Domino’s Pizza Group PLC Down 8% As German Operation Disappoints

Profits fall £9.9m at Domino’s Pizza Group PLC (LON:DOM) as its nascent German operation racks up a £11.1m impairment charge.

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Shares in Domino’s Pizza (LSE: DOM) had fallen by over 8% at lunchtime today to 550p as it admitted to investors that its German operation would take longer to become profitable than it had originally guided.

The pizza delivery group, which has core operations in Britain and Ireland as well as fledgling operations in Switzerland and Germany, currently operates some 634 stores.

In today’s half-year results, Domino’s reported a pre-tax profit of £11.6m — down £9.9m on last year’s figure of £21.5m for the same period.

It also reported sales were up 13.8% to £326.5m, and that like-for-like sales across the group had been strong. The interim dividend was increased by 7.6% to 7.1p.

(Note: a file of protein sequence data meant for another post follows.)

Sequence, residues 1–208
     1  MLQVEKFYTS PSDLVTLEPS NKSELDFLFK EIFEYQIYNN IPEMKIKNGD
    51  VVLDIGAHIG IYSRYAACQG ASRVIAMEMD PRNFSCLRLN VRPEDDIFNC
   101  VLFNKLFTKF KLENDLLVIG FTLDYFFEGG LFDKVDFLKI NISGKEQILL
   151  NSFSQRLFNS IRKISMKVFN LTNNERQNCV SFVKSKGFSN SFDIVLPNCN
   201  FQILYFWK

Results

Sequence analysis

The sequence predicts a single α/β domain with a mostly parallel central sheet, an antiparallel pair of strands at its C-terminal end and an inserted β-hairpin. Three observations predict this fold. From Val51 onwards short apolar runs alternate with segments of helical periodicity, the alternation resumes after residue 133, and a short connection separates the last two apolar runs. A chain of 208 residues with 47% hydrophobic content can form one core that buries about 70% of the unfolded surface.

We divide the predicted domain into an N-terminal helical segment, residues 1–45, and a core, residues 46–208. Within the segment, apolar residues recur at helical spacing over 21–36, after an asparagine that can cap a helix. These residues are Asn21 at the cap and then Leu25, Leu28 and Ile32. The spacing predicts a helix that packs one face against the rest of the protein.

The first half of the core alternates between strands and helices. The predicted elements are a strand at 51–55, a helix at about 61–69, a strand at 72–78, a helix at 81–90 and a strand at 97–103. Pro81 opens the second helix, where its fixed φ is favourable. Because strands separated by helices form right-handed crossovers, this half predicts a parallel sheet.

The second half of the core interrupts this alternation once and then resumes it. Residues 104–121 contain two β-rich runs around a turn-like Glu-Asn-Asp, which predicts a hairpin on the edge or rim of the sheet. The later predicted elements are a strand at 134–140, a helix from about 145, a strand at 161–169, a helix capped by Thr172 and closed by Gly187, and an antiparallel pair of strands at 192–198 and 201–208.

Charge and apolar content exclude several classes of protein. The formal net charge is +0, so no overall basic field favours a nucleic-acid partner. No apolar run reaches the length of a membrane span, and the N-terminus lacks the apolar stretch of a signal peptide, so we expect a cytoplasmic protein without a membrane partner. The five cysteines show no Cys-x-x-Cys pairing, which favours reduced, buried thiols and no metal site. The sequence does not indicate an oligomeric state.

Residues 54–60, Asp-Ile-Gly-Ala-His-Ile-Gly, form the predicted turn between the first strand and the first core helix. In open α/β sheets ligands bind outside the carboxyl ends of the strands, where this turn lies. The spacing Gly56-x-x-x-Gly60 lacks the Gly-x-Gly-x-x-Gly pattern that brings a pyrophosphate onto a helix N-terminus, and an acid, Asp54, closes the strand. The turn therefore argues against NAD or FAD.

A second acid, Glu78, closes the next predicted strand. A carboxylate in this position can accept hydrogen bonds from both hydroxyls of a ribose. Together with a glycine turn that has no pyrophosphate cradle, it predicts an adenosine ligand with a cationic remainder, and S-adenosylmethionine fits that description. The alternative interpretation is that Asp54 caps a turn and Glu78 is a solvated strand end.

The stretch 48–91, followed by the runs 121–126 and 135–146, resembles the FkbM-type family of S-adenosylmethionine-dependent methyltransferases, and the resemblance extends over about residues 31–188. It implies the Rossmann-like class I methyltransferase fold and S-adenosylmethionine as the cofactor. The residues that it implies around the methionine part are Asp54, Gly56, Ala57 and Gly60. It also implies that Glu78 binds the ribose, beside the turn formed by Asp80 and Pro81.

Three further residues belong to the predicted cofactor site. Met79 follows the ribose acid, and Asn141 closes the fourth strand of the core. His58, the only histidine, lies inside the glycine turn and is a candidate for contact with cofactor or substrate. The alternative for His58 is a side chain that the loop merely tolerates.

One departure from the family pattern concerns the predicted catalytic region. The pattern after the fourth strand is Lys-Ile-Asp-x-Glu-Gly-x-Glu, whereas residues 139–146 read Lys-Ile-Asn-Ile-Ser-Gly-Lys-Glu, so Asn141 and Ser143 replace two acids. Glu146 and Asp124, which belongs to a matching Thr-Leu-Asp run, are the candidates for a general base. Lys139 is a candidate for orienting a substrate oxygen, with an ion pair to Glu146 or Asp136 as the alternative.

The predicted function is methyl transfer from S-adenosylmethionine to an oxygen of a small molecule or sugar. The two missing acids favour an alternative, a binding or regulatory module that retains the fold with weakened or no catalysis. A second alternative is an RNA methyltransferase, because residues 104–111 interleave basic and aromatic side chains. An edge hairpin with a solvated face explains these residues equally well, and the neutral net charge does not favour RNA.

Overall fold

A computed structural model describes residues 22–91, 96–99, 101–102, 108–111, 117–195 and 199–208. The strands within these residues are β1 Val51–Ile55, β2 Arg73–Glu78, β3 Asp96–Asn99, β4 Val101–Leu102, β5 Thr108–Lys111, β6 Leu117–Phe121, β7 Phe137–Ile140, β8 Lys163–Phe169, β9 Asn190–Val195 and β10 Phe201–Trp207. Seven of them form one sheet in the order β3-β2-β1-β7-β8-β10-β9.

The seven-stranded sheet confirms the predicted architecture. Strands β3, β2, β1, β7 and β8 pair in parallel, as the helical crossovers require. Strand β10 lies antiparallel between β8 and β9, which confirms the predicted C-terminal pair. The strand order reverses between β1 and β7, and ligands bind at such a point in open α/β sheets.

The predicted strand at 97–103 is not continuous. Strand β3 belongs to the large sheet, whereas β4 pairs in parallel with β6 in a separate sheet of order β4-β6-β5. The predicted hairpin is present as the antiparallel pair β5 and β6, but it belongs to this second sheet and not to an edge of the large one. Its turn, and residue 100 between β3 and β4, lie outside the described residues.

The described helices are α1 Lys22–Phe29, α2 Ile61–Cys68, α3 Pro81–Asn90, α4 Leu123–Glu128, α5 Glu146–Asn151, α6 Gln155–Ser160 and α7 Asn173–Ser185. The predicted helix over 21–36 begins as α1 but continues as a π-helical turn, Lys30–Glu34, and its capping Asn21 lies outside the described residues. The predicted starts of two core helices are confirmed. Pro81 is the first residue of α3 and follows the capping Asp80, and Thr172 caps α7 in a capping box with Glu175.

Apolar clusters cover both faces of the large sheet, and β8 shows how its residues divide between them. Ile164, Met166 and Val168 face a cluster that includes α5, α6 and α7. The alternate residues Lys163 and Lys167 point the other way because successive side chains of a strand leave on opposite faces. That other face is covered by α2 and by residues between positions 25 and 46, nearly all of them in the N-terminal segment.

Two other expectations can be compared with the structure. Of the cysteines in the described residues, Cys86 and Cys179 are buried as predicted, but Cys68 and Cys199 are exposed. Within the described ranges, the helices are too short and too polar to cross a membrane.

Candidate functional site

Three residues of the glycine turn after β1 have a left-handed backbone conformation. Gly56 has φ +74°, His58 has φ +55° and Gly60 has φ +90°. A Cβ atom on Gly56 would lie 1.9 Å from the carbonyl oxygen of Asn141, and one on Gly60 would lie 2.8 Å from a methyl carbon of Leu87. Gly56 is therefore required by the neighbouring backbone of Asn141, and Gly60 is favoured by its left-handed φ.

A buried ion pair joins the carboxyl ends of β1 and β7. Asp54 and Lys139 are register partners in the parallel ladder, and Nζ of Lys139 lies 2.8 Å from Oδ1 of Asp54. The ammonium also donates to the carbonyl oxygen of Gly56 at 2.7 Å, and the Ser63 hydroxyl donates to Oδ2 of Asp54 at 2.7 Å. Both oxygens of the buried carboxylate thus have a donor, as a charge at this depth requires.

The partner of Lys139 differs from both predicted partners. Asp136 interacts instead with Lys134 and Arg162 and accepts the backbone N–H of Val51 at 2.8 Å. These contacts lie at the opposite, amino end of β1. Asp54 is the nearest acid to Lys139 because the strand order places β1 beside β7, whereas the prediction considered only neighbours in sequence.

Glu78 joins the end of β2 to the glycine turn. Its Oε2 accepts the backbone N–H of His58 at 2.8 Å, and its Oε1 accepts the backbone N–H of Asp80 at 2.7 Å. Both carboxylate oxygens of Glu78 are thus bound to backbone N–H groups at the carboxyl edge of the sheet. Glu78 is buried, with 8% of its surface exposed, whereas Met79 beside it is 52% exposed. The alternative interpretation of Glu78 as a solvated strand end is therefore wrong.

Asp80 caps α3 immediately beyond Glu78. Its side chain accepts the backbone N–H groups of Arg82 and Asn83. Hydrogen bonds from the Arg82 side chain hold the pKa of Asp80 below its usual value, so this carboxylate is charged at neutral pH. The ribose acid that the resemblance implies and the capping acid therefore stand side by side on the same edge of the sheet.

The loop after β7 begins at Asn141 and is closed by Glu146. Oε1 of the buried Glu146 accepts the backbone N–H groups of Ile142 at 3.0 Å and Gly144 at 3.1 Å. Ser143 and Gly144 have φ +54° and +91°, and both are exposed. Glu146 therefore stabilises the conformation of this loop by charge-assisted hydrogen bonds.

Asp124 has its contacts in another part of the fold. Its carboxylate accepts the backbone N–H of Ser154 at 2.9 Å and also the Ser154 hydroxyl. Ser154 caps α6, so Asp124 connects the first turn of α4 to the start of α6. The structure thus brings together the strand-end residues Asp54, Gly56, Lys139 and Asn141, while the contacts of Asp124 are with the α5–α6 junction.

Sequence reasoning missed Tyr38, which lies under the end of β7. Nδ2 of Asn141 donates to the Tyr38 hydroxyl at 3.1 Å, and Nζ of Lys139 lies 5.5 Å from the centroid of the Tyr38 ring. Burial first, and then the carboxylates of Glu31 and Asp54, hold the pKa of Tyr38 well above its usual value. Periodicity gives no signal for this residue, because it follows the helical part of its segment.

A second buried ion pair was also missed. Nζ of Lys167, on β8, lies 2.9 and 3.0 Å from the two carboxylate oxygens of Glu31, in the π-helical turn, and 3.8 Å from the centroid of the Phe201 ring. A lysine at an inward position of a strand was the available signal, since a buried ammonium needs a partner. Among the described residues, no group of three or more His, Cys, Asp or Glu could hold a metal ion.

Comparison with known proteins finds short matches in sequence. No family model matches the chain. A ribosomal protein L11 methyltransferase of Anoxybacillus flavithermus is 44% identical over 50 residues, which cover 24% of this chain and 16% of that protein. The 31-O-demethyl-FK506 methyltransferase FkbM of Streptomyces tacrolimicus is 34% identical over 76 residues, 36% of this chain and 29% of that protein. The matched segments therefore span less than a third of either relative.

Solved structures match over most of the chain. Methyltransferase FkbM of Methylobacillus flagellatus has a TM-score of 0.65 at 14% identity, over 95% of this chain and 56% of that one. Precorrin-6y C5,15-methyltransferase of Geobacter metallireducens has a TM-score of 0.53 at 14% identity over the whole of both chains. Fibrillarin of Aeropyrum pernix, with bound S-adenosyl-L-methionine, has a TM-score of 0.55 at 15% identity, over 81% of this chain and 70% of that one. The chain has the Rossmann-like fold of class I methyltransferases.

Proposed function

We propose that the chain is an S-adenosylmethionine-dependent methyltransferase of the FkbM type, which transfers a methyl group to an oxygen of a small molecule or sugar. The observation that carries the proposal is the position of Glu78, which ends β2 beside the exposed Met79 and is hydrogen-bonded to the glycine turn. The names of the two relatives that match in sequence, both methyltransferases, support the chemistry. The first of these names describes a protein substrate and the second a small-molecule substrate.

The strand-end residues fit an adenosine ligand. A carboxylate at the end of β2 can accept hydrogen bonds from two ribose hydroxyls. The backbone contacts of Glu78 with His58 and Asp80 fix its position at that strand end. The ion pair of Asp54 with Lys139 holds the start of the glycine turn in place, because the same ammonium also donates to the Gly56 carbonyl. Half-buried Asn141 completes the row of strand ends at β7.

In his review of today’s results, CEO Lance Batchelor said:

“Recent legislation in part of Germany to impose a minimum wage, will increase the break-even of stores and will require us to support stores for longer than originally anticipated.

The uncertainty is driven by a lack of clarity about any rollout of such new minimum wage across other German regions, the exact impact on stores, and what mitigating actions may be possible.

….As a result we have decided that we will proceed more cautiously with our German expansion, opening fewer stores in 2013 and 2014 than originally predicted. This will postpone breakeven in the German market to 2016 or 2017.”

Forecasts before today’s announcement put Domino’s Pizza shares on a forward P/E close to 26, with 3 out of 8 brokers rating the shares as a ‘buy’.

However, whether the shares really do represent a ‘buy’ at this price, only you can decide.

But if you already own Domino’s Pizza shares and are looking for other opportunities, this exclusive wealth report reviews five particularly attractive possibilities.

Just click here for the report — it’s free.

> Andy does not own any of the shares mentioned in this article.

Should you invest, the value of your investment may rise or fall and your capital is at risk. Before investing, your individual circumstances should be assessed. Consider taking independent financial advice.

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